Tallinn Chamber Orchestra, Estonian Philharmonic Chamber Choir
Baltic Voices 2
Baltic Voices 3
========= from the cover ==========
The countries clustered around the Baltic Sea are as different from one another as the various lands and histories that stretch away behind them in numerous directions. But, setting them somewhat apart from the rest of Europe, there are similarities too, which one detects not only when slipping across the border between neighbouring countries, but also when travelling across the sea which they share. This identity, partly imaginary, partly real, can only be defined loosely by the word Baltic. It represents a tentative and fluctuating alliance that comes from having the same kind of trees, the same fish, the same weather, the same white summer nights, and the same berries.
In the music of the region too we encounter a similar range of likenesses and mutual influences. To a certain extent these have been reinforced by political and cultural initiatives, whether Nordic, Baltic, or Scandinavian in name, just as in medieval times the business interests of the Hanseatic League created the first multinational corporation linked by a web of shipping interests. (Lubeck, Bergen, Tallinn, even Novgorod were Hanseatic towns.) But in addition to musical style there is also a choral sound which people identify with the region, and which, like much of the repertoire, has its roots in folk singing.
I first encountered it in 1984 when I went to Finland with the Hilliard Ensemble. We gave concerts and masterclasses, took smoke saunas beside a lake, ate potato pancakes, and were eaten in turn by mosquitoes. And just before we left for the airport, I met the Estonian Philharmonic Chamber Choir for the first time. It had already been whispered to me that this was the new choir to look out for, with a conductor, Tonu Kaljuste, whose skills verged on the shamanistic. They gave me some of their LPs featuring music by a composer I had never heard of. It was Midsummer - the Eve of St John's Day-a holiday right across the Baltic, and as we flew up into the midnight sunshine, bonfires were visible all over the slightly darker landscape below. When I eventually got home and played the LPs, I was entranced: the music sounded like choral minimalism (a plus in my book), the choir sounded wonderful (focused, tuned, without vibrato but nonetheless resonant), and the composer's name was Veljo Tormis.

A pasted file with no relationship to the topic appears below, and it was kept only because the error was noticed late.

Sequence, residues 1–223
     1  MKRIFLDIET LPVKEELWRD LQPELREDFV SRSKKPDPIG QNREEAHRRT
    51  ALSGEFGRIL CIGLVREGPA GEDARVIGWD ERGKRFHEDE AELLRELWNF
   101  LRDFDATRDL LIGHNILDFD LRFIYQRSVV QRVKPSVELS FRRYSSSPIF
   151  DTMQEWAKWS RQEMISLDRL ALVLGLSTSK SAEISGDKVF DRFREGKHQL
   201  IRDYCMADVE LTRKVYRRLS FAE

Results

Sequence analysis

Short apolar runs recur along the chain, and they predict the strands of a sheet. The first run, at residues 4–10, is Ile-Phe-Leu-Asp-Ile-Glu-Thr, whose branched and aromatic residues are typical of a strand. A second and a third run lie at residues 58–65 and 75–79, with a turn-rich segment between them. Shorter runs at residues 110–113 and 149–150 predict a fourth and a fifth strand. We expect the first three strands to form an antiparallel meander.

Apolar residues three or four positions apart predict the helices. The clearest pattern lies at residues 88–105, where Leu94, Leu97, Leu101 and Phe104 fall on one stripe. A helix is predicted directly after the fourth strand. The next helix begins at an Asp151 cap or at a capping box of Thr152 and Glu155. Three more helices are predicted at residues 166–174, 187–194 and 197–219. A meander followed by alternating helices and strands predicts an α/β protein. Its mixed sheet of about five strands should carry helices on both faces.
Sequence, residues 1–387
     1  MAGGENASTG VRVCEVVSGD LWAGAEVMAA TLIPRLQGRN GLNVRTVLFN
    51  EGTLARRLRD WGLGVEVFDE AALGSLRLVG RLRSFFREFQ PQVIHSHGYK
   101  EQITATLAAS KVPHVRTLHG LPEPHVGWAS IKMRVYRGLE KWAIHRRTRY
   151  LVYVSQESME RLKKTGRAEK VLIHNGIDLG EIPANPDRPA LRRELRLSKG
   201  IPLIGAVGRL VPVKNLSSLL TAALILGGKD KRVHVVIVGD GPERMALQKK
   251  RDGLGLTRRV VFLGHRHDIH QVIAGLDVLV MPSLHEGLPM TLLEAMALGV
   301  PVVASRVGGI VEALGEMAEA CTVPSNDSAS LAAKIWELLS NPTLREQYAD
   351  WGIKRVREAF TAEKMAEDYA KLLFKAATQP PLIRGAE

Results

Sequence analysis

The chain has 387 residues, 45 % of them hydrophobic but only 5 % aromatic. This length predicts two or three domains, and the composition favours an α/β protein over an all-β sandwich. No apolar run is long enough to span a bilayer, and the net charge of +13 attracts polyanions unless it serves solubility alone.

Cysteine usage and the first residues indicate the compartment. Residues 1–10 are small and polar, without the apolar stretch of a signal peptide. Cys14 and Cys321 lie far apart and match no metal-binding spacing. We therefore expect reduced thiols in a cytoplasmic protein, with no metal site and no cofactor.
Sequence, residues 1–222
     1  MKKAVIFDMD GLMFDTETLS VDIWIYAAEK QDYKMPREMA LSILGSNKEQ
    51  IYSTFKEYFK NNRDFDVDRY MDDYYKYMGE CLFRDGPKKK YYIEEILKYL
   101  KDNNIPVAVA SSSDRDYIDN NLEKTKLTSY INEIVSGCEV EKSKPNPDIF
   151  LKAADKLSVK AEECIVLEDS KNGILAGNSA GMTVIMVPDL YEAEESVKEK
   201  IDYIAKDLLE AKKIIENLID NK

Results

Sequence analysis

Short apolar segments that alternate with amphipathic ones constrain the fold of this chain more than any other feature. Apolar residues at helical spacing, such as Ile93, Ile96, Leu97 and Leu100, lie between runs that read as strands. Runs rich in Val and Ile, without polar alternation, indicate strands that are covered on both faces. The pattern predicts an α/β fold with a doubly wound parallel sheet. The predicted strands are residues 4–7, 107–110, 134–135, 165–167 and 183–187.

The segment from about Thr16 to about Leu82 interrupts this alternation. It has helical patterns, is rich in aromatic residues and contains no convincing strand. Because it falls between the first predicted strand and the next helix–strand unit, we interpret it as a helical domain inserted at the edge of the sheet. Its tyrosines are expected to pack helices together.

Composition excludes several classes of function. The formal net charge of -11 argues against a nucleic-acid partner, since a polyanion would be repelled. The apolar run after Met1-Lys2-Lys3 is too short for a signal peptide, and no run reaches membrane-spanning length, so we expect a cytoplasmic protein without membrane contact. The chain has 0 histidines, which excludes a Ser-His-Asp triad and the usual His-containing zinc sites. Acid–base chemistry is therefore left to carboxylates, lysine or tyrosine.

Over the next few years came the discovery of Arvo Part and his exponential rise to fame, and for me, a visit to conduct the EPCC to perform John Taverner's "Westron Wynde Mass." This led in turn to my acting as producer for the choir's first ECM recording - of Tormis' "Forgotten Peoples," which contains some of his finest music. Further visits to Finland, Estonia, and later to Denmark, greatly enhanced my knowledge of the Scandinavian-Baltic choral scene, its sound, its repertoire and, above all, its singers. When eventually I was invited by Tonu Kaljuste to take over the artistic direction of the EPCC, I resolved on the one hand to maintain the choir's advocacy of composers such as Part and Tormis, but also to use the opportunity thus presented to explore the region's music in some depth.
And so, with the Estonian Philharmonic Chamber Choir, I have embarked on a three-year project to explore the choral music from the countries around the Baltic Sea. From Copenhagen to St Petersburg, from Stockholm to Riga, and of course with a strong representation from the choir's native Estonia, we will focus primarily on the mainstream tradition of the past hundred years, but there will also be music from other periods, and newly commissioned works from younger composers. It would be impossible and surely undesirable to attempt any kind of complete representation - there will always be composers who should not have been omitted. So the path I will trace will be a personal one, trusting that the music itself will justify my choices.
- Paul Hillier